I’ll be turning sixty nine years old this month and quite frankly the past twelve months have been a roller coaster of emotions for me. I have at times felt total disillusionment and at others great optimism. I did not care for nor trust either of our presidential candidates and little has happened in the ensuing time to change my feelings. It pains me to watch the wreckage created by the two individuals who vied to be leaders of our nation. I doubt that a victory by either one of them would have been less disappointing. I have to admit that my faith in our political system has been seriously tested, and yet it has somehow managed to remain intact just as James Madison had hoped that it might. The gridlock that is preventing too much damage to our nation is frustrating, but it is working to keep the damage to a minimum while I wait for our country to return to its senses.
I’ve been buffeted by tremendous personal challenges almost all year long. They have sapped my energy and sometimes left me wallowing in a pity party of doom and gloom, but again and again it has been in my encounters with the innate goodness of people that my faith in mankind has been renewed. In spite of all that has happened the one constant has been the human inclination to rise above the muck and the mud. I have witnessed the courage and kindness of family, friends and complete strangers throughout this sometimes insane passing of the months from one to another. Each incident that threatened to leave me in a state of depression and loss of hope was balanced with enough love to tip the scales in favor of the positive. I was reminded that people are not innately evil, but instead are wondrously remarkable.
My husband’s stroke was horrific and I still worry incessantly, and yet in that moment I had to totally surrender myself to faith in God and the people who so graciously helped and supported him. In the first moments my children and grandchildren proved themselves to be exactly the kind of people that I needed them to be, and they have been ever faithful since then. The firefighters and paramedics who came to our aid were heroic and compassionate. The doctors and nurses who cared for my husband in the hospital were professional and performed in a manner that no doubt saved his life. The medical personnel that we saw once we had returned home have demonstrated care and concern well beyond an impersonal relationship. They have celebrated our victories with as much joy as we have felt. Our friends have reached out with prayers and good wishes that have sustained us and reminded me of how truly blessed I have always been.
Hurricane Harvey devastated my beloved city and other parts of Texas that have always been special to me. I was trapped inside my home for days as the rains came down incessantly. I watched the human misery caused by the rising waters and cried for the pain that so many citizens and even close friends and family members were enduring. At the same time I witnessed heroic acts of bravery and thoughtfulness. In the aftermath I saw an outpouring of strength and love that reminded me of something that I have always known, namely that people are marvelous. I saw a love fest unfolding in Houston that not even fifty one inches of rain was able to drown.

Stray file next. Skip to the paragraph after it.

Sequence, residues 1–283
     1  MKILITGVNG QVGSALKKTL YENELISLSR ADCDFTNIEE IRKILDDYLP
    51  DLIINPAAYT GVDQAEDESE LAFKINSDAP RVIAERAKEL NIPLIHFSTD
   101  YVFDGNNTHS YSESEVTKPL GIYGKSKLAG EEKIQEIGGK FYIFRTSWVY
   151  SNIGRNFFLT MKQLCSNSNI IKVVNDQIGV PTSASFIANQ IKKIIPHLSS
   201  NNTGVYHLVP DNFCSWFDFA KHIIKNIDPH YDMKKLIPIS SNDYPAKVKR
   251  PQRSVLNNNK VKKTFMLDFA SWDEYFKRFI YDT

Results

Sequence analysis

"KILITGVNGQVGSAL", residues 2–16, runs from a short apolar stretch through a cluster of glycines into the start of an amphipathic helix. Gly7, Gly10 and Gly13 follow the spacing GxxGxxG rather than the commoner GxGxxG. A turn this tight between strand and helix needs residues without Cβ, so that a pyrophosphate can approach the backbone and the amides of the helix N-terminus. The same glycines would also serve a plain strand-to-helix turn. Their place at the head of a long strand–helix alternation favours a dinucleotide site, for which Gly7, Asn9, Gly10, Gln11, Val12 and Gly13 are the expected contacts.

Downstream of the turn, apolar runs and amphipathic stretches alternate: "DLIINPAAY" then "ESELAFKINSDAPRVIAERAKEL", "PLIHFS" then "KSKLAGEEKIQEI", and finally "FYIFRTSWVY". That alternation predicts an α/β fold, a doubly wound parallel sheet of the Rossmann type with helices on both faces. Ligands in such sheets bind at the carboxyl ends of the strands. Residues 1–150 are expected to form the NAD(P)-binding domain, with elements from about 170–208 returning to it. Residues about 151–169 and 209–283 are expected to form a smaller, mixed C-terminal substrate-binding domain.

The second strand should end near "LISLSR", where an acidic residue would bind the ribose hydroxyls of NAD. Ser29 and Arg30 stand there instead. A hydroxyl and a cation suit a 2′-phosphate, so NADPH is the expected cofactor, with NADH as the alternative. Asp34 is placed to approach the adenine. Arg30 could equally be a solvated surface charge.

It’s been difficult for me to watch friends suffering. I’ve attended far too many funerals and prayed for more who are seriously ill. Nonetheless my sadness has been tempered by my awe at the valor that I have seen. Somehow we always rise above our troubles and find ways to make the most of our most terrible situations.
Yes, I have watched in horror as a man of pure evil so cowardly took aim at innocents attending a concert in Las Vegas. He did his best to kill our spirit but in the end ordinary people rose up to defeat his hatred with their love. I’ll admit that a thief stole my husband’s identity and filed a false claim for disaster relief, but two amazing women from FEMA took immediate action to ameliorate our fears. With both calmness and resolve they methodically ferreted out the individual who had abused the generosity of the public trust, all the while speaking with genuine empathy about the terrible losses that they had seen since coming to our city from far away places just to help us to rebuild.
I have been angered and embarrassed by the fighting amongst our so called leaders. Their rhetoric and their lies have disappointed me. I have felt a sense of shame that nobody has been willing to be honest and forthright until some incredibly brave and noble public figures have been willing to speak out against the degradation of our institutions. I have marveled at the heroics of John McCain, George W. Bush, Jeff Flake, and Senator Corker. They have restored my belief that our democratic nation welcomes constructive critiques and honesty. They have reminded us that we need not defile others with our words and actions to maintain our nation’s greatness.
I have watched our hometown baseball team, the Houston Astros, demonstrating the kind of determination that has fueled the engine of our city since its inception. Their unwillingness to give up even in the face of defeat has inspired all of us. They have become the face of our hopes and dreams and optimism. They remind us that it is never too late and that we should never resign ourselves to the difficulties of challenges.
So in the past year I have learned that life may sometimes be gut wrenchingly arduous, but there will always always be people who will walk with us and support us. Each morning that we arise for a new day is a victory. We may feel as though we are overwhelmed with evil and hardship, but the world tilts toward virtue. We may think we are alone, but we never really are. Keep the faith. Never say never. Be the constant.